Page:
it's a good thing.
    • Sure. Lets start with 160 meters. I can't wait to get my wireless access point with 120 foot rubber coated antenna. Where will I put it.

      I think more geeks should get their ham licenses. I'm bored with talking to all the old farts and would probably get on the air more if I could talk to someone who actually knows what Linux is.
      • I for one would love to give it a go, but every site I've looked at described hundreds of hours of studying and tests and tens of thousands of dollars in equipment.

        Is there any way to build a cheap but effective setup? Maybe in the $1000 range? I just get flamed when I asked this question on a ham usenet group.

        ( And yes, I did RTFFAQ first. :) )

        • I for one would love to give it a go, but every site I've looked at described hundreds of hours of studying and tests and tens of thousands of dollars in equipment. Is there any way to build a cheap but effective setup? Maybe in the $1000 range?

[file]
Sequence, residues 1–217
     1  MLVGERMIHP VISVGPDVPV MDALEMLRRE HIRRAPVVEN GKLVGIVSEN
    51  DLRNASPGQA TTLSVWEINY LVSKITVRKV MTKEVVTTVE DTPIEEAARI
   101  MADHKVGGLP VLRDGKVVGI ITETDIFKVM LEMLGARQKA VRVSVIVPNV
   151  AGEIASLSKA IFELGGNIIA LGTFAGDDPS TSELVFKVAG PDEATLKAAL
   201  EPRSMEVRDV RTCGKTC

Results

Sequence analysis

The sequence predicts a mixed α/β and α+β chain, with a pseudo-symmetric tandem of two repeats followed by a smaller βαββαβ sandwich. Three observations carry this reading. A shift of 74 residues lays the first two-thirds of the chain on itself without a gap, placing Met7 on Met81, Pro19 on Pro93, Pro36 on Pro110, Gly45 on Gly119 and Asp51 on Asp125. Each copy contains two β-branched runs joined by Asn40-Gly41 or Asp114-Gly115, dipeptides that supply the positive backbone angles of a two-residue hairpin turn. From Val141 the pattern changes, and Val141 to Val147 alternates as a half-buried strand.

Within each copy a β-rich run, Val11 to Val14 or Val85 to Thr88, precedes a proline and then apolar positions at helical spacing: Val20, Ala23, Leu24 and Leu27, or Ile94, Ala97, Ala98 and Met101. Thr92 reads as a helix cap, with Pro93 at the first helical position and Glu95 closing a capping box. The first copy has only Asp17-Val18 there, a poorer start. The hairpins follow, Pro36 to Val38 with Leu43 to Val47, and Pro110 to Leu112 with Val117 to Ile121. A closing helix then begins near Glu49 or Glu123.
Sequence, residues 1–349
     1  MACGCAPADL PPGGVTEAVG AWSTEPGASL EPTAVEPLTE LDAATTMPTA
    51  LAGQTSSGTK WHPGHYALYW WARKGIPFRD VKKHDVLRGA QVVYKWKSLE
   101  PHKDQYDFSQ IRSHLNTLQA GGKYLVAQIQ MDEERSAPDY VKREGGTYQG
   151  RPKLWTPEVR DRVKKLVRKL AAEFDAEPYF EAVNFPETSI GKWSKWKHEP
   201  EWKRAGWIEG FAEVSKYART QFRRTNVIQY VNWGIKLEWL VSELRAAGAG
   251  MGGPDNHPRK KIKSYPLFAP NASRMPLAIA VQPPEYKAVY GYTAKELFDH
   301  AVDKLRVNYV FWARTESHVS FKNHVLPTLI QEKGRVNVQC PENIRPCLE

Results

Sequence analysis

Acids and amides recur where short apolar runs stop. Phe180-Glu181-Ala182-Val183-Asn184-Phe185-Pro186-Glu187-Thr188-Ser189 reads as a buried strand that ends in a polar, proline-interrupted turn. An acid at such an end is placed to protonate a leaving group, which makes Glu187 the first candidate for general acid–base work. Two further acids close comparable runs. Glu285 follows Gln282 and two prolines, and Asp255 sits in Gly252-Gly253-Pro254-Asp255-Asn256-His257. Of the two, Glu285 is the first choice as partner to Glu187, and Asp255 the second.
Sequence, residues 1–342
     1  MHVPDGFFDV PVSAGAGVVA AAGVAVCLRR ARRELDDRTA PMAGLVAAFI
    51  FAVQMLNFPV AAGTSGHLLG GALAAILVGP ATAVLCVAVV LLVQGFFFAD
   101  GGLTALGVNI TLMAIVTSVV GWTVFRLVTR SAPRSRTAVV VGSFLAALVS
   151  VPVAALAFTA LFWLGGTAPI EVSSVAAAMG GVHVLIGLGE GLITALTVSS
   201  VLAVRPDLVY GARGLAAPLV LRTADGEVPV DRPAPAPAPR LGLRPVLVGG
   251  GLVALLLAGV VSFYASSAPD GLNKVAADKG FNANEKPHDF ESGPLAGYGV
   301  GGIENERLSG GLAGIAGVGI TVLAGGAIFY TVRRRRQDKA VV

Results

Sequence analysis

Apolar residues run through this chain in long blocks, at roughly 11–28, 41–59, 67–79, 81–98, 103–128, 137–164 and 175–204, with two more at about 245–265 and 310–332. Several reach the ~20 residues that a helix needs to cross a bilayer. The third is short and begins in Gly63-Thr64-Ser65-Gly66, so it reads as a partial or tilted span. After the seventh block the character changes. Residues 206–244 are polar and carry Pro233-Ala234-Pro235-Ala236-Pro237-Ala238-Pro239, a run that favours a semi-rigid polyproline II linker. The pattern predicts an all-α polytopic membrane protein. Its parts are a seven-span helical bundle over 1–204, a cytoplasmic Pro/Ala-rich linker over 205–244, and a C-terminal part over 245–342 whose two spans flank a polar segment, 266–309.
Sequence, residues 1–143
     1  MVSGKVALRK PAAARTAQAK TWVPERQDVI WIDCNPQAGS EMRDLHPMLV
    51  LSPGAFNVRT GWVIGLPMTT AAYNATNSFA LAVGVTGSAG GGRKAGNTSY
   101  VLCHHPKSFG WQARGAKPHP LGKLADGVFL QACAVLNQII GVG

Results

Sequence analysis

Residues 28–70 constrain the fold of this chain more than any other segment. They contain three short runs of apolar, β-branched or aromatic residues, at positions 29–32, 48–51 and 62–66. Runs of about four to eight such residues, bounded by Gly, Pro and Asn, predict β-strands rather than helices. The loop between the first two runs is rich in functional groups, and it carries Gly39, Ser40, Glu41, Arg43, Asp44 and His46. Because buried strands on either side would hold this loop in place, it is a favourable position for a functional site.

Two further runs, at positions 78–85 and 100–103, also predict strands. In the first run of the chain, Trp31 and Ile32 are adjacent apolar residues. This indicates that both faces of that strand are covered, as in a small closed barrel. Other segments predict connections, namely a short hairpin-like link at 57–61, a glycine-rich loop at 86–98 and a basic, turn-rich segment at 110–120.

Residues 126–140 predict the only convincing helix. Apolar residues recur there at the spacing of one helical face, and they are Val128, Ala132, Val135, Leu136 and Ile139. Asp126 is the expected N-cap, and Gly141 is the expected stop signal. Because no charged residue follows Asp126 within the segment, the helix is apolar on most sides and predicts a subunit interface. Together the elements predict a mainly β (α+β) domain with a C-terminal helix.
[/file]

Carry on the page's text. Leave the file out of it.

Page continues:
The tests are not that hard. If you know basic electronics, you can pass the Tech and General exams with a few hours of study. Here are practice tests [qrz.com] It takes about 30 Hours to learn the Morse Code for Tech+ and General tickets, but you only need that for the HF bands.

          You can pick up a Icom-706MKIIg rig [icomamerica.com] for about $800 used and it should be all the radio you will ever need.
        • Hmm, only HF radio I can think of that costs tens of thousands of dollars, is the Collins KW-1 that my radio club has sitting in it's club house, slowly being repaired.
        • It is unfortunate you got flamed! Most hams welcome folks who would like to get into the hobby.


          Most ham radio today requires no morse code testing. The technical tests are relatively easy to master and don't require hundreds of hours of studying. There are classes in most areas for prospective hams, or you can buy test study books and cram for them.


          Very few hams have tens of thousands of dollars in equipment. You can get on VHF/UHF radio for a few hundred dollars (less if you buy surplus at a hamfest swapmeet). Add to that a $100 packet controller and you have digital modes. HF gear (where you operate by either ground-wave or ionospheric propagation) is more expensive, but you can definitely get a complete station for under $1000.